|Photo by Peter Ericsson (Lee's Birdwatching Adventures)|
black-backed kingfisher (en); guarda-rios-anão-oriental (pt); martin-pêcheur pourpré (fr); martín pescador enano oriental (de); dschungelfischer (de)
This species is found across much of south-east Asia, from India to Indonesia.
These tiny kingfishers are 12-13 cm long and weigh 14 g.
The black-backed kingfisher is found in tropical rainforests, mangroves and tropical dry forests, mainly along rivers, streams and marshes. They can also be found in plantations. It is present from sea level up to an altitude of 1.300 m.
They feed on geckos, skinks, crabs, snails, frogs, crickets and dragonflies.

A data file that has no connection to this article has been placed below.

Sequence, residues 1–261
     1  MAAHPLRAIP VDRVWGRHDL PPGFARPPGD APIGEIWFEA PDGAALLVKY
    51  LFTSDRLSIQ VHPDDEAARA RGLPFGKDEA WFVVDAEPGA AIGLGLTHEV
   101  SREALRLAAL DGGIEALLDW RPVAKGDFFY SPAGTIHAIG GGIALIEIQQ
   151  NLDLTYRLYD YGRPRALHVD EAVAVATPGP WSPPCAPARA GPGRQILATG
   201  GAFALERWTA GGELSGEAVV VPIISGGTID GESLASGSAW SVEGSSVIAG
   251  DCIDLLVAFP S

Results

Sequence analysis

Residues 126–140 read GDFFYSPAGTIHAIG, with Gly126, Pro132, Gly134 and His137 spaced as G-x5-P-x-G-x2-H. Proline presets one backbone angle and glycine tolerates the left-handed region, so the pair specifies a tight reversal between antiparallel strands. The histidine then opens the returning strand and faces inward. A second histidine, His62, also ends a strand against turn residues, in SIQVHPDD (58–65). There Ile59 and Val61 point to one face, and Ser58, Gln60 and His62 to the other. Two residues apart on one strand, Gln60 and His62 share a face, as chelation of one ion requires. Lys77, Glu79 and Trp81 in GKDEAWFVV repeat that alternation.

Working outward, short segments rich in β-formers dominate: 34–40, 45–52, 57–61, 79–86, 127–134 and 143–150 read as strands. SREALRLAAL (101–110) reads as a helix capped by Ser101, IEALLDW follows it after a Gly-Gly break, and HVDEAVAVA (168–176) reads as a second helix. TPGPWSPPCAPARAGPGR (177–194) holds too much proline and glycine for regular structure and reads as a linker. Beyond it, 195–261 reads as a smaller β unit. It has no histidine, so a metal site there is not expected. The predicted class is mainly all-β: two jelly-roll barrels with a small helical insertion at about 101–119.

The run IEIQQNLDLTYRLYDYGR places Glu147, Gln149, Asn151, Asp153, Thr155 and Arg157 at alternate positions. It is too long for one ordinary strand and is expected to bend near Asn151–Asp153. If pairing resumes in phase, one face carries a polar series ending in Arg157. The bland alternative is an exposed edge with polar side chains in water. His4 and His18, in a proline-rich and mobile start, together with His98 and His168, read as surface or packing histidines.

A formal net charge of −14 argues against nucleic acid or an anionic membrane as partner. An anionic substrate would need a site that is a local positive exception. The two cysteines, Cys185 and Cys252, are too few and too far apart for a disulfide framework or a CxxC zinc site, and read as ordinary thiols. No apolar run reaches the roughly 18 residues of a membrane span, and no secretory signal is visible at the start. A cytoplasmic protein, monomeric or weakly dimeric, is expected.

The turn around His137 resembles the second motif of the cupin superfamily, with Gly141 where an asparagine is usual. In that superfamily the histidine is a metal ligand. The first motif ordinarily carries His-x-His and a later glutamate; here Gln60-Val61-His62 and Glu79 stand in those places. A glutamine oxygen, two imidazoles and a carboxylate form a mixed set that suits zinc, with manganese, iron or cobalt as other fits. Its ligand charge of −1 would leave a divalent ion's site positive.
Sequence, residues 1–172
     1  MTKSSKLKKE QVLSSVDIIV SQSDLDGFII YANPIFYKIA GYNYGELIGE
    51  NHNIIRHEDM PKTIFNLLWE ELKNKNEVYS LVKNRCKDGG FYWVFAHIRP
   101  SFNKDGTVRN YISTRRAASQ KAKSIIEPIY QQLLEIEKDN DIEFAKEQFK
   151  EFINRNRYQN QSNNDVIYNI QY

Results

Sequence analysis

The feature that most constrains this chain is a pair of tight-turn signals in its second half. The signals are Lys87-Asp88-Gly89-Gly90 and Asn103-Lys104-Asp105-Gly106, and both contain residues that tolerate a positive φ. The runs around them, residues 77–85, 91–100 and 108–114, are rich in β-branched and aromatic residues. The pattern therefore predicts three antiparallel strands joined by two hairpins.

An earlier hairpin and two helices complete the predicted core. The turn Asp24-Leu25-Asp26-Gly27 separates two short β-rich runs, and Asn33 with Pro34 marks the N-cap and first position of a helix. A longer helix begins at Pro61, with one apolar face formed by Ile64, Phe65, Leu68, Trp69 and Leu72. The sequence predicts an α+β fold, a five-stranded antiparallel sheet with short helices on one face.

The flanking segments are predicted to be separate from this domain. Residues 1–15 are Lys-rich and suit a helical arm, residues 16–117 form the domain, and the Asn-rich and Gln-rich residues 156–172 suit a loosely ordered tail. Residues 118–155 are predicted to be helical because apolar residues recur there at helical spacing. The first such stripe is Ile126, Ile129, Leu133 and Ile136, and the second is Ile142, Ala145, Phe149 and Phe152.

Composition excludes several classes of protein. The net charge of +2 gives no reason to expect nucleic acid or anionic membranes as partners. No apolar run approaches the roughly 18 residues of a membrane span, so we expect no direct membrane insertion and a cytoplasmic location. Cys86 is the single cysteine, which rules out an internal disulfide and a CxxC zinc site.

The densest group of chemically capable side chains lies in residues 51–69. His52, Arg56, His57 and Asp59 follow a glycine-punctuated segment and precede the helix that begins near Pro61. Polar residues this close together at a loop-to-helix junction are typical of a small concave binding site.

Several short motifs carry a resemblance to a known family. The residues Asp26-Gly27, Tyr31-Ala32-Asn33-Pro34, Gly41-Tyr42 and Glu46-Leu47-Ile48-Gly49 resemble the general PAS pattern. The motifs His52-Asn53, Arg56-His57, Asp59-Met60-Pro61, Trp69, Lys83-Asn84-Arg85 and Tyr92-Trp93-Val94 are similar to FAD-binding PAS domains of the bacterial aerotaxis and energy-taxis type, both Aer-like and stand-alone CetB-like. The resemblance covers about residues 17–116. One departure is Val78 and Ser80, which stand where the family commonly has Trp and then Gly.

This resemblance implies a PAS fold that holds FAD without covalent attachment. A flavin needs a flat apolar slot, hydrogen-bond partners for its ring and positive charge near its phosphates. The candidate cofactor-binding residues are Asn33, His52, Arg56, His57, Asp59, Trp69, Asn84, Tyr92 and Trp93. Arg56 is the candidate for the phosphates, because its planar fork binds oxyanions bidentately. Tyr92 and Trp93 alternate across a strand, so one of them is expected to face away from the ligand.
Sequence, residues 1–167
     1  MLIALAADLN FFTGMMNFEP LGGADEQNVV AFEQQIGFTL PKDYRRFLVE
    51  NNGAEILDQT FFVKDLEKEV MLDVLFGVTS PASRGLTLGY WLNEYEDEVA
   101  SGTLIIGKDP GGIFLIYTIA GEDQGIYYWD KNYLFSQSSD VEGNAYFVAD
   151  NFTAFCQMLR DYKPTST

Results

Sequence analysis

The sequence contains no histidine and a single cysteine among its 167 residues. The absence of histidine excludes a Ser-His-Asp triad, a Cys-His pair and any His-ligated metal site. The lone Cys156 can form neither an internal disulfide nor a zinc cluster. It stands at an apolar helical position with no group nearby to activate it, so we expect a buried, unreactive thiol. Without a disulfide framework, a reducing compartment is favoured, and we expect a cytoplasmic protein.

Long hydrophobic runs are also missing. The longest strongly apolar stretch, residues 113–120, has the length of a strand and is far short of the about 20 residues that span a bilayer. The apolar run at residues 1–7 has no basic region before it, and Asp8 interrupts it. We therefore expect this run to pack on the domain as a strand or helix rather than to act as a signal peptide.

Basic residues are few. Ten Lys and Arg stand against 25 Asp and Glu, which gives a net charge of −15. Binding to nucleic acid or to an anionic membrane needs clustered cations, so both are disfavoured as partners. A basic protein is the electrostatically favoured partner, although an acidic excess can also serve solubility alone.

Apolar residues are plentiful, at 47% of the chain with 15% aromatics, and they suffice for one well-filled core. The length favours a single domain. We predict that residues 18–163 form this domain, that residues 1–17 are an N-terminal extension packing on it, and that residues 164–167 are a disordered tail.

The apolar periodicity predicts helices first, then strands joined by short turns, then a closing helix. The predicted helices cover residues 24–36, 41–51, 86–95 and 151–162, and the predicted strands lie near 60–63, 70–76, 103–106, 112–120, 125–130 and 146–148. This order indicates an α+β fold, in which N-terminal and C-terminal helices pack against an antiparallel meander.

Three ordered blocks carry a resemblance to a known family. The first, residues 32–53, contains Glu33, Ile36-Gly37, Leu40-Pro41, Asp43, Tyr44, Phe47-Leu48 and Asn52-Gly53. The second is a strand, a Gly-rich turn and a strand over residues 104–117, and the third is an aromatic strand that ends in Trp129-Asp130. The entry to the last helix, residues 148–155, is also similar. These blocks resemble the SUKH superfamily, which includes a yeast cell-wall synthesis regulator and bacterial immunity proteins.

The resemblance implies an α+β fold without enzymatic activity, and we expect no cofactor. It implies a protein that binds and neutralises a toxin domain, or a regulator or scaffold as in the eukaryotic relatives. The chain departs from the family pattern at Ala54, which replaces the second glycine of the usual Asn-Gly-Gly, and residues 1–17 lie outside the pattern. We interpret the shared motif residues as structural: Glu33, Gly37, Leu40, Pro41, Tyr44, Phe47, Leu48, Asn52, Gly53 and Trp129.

These birds breed in June-September. The nest is a horizontal tunnel up to a metre in length, where the female lays 4-5 eggs. The eggs are incubated for 17 days and the chicks fledge 20 days after hatching.
IUCN status - LC (Least Concern)
This species has a very large breeding range, but is described as scarce. The population is suspected to be declining locally owing to ongoing habitat destruction, but the black-backed kingfisher is not considered threatened at present.